NAME: Avaleigh Thorn




PARENTS: Sheryl and Elen Thorn

SIBLINGS: Annistyn (10 months)

What it felt like when we learned our child has SLC6A1? 

When our youngest biological child moved out of our family home to go to college, we became empty nesters. For a brief moment it was wonderful, but we soon missed the sound of children in our home. We decided to go through the process to become state licensed foster parents and open our home and hearts to children that needed a safe place to be. We got a call on September 3, 2018 that we were getting a newborn little girl. That was the day Avaleigh came into our lives. She was 26 hours old, bundled in pink, and beautiful. But by the time she was 3 months old, we knew that there was something wrong. We kept asking the pediatrician if she was alright… and we kept hearing that she was fine; we were just overreacting. She wasn’t reaching milestones like other children and we were incredibly worried. We managed to convince the pediatrician for a referral to our local Early Childhood Intervention program. At 7 months, she started physical therapy, speech therapy (for feeding issues), and occupational therapy. At this point, the doctor diagnosed her with hypotonia but we knew that she was experiencing more than just low muscle tone. We finally demanded genetic testing and boy, was that a fight! Our persistence paid off and genetic testing was approved for Avaleigh. At about this same time, we got news from Child Protective Services that Avaleigh’s goal was changed from family reunification to unrelated adoption and that we would be able to adopt her. This is when we completely let our wall down and allowed ourselves to fall in love with her more than what we already were. This little girl was going to be ours!

We did the first round of genetic testing and it came back that there were no extra chromosomes or missing chromosomes. Everything looked great. But we still knew there was something wrong. We went through round 2 of our fight for additional testing. In May of 2020, a full exome test was performed for Avaleigh. Because of a lab error, however, results did not show up in the geneticist’s box. We called the geneticist’s office every day and a caseworker finally investigated- the results had been sitting there for nearly 3 months. On the afternoon that we received a diagnosis, we had taken Avaleigh to a pediatric ophthalmologist to check her eyes (Silly us- we thought that she was running into walls, furniture, and trees because she couldn’t see well. But her eyes were perfect). We were almost home when the phone rang and we were told about SLC6A1. Immediately, our world stopped spinning. We were devastated and in shock and did not know how to process this new information. The doctor simply told us that it’s a rare disease and it explains her delays… there is no cure. They asked if we would like to be put on a waiting list to talk to the actual geneticist. We couldn’t even respond coherently. We felt lost and alone and unable to think or breathe. This was the worst moment of our lives but we weren’t going to let it defeat us or define Avaleigh. We dried our eyes, caught our breath, and stood back up to fight for her for the long haul.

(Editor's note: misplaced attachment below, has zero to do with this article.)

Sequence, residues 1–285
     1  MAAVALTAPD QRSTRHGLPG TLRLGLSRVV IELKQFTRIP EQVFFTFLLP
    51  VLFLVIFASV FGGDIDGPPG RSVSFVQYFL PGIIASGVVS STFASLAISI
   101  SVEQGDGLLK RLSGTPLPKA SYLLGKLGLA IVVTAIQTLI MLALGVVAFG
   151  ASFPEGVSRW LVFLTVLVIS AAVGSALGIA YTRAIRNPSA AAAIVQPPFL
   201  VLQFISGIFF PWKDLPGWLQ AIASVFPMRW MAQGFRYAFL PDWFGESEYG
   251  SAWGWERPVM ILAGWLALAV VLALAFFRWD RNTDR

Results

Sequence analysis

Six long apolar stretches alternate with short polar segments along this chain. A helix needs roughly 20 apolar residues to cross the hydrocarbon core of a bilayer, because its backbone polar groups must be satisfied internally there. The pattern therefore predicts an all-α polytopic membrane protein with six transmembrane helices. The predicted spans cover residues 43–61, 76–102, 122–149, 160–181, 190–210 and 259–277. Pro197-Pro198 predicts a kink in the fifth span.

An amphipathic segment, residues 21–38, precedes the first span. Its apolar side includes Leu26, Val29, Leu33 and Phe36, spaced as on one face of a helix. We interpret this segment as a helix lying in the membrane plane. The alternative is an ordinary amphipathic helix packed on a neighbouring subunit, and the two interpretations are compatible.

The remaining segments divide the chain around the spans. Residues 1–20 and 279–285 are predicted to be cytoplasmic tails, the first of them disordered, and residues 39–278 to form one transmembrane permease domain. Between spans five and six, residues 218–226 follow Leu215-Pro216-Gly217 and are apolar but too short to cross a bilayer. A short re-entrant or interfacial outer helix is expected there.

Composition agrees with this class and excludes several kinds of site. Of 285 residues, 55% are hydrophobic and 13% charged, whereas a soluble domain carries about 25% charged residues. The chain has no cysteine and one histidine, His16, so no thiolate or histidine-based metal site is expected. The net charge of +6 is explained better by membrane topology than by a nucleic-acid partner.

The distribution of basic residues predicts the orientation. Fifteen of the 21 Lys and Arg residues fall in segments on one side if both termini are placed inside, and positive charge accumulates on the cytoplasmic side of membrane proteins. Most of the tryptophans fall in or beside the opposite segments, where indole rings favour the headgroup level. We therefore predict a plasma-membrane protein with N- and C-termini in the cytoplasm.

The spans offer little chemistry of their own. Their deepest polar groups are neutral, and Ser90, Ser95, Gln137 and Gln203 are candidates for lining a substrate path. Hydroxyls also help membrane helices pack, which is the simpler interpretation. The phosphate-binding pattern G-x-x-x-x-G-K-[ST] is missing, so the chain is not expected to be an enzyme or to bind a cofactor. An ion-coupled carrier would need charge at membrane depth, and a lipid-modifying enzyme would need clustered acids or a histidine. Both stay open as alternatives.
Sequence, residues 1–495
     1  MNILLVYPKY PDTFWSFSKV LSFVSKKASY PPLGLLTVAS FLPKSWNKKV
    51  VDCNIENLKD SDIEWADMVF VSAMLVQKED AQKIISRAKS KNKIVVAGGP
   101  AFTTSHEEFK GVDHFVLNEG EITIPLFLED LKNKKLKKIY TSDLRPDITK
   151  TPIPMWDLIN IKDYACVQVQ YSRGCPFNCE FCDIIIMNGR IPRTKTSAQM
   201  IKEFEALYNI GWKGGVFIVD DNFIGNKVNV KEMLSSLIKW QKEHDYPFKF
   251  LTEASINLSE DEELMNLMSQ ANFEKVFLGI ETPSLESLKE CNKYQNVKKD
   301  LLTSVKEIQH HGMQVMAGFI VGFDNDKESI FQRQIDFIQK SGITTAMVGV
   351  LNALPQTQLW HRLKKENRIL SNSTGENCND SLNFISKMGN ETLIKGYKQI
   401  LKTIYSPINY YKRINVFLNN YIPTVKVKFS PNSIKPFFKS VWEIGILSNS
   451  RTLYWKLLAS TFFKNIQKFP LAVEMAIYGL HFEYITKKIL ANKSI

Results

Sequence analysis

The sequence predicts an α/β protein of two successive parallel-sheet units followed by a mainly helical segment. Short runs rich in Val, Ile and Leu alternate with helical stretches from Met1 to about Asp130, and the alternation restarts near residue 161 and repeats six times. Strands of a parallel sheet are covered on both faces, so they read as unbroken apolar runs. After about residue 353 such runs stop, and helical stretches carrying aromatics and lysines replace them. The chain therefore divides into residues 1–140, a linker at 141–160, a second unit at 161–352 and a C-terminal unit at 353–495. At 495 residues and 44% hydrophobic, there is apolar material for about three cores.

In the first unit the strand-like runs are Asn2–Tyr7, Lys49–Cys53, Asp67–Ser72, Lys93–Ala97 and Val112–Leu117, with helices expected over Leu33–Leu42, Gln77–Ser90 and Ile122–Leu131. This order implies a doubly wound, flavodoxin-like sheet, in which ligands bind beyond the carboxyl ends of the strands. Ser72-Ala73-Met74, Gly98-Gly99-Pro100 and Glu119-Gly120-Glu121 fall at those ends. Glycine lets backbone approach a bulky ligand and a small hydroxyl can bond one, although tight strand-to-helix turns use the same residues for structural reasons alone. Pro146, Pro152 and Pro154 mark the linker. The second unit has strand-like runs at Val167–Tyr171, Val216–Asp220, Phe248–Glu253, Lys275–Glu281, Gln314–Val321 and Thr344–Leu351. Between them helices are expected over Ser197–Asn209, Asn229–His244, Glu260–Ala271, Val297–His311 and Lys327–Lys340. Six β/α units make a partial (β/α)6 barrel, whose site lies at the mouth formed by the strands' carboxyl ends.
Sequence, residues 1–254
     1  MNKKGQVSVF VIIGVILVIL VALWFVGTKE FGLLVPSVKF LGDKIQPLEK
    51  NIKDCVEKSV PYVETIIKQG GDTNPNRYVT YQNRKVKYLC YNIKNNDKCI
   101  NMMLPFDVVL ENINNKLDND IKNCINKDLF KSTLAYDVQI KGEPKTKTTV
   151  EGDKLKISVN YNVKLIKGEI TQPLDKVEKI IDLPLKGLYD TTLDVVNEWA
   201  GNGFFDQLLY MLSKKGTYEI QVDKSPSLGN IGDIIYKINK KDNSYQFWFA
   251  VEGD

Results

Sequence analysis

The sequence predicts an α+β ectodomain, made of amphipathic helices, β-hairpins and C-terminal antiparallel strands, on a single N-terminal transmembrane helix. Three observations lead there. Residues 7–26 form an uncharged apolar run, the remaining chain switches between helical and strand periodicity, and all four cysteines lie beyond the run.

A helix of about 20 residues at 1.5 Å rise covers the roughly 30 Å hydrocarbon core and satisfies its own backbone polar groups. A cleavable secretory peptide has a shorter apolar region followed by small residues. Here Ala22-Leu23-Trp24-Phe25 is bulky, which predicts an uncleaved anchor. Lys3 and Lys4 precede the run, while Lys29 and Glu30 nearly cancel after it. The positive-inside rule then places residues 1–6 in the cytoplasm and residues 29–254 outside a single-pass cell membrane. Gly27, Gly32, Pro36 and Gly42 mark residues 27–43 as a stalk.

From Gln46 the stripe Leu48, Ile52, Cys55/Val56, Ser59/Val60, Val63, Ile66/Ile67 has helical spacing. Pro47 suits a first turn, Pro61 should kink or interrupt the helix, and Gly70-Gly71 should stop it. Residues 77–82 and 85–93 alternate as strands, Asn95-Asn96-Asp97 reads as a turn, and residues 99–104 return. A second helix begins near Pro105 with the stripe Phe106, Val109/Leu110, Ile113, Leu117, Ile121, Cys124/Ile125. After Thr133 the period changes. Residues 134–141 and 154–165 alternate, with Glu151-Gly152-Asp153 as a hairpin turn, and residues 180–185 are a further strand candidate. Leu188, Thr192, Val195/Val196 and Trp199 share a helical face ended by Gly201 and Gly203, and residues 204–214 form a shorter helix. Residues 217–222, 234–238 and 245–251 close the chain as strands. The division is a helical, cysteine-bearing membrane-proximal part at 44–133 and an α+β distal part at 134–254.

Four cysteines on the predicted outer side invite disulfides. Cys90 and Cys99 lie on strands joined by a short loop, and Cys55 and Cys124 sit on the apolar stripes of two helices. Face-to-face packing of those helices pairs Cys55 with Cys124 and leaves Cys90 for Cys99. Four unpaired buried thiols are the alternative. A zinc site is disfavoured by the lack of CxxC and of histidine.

How did you know something was wrong? It was clear from early on that Avaleigh wasn’t reaching milestones. She couldn’t hold her head up and seemed like a “floppy” baby. Her enlarged tongue got in the way of feedings. She wasn’t grasping at toys or rolling over. She struggled with every single milestone but we could not get the pediatrician to listen. By the time Avaleigh turned a year old, we definitely knew that there was more than just a global developmental delay and there was something neurologically wrong with her. We just didn’t know what exactly it was yet. 

The hardest part of being an SLC6A1 family? Our family has struggled with the unknown; not having answers or support in the area where we live is difficult. We are so blessed that Avaleigh’s therapists are proactive and supportive of trying different options moving forward. However, we need more support than what our small Texas town can provide. We live in a medical desert and even finding a good general doctor is difficult. Ultimately, the hardest part is knowing that there may be a cure through gene replacement therapy but there is a lack of funding. The idea that our child will face immense challenges and eventually deteriorate- all because of a lack of money- is the hardest aspect to accept.

What are your dreams for Avaleigh? First and foremost, we want Avaleigh to be healthy and happy. We don’t want her spunk and silliness to be overshadowed by SLC6A1. We want her to achieve all that she can and to not allow disabilities to stop her. We don’t want this disease to define who she is. Our dream is that she will be cured and she will learn and thrive and live a healthy, normal life. 

Why would you like people to donate to SLC6A1 Connect? Without donations, there is no chance for a healthy, normal life for Avaleigh or the other children touched by this disease. Donations towards clinical trials would be life changing- not only for those currently affected but those who have not yet been diagnosed. The only thing in the way of a cure is lack of funding. Time is racing and our children are running out of time. 

%d bloggers like this: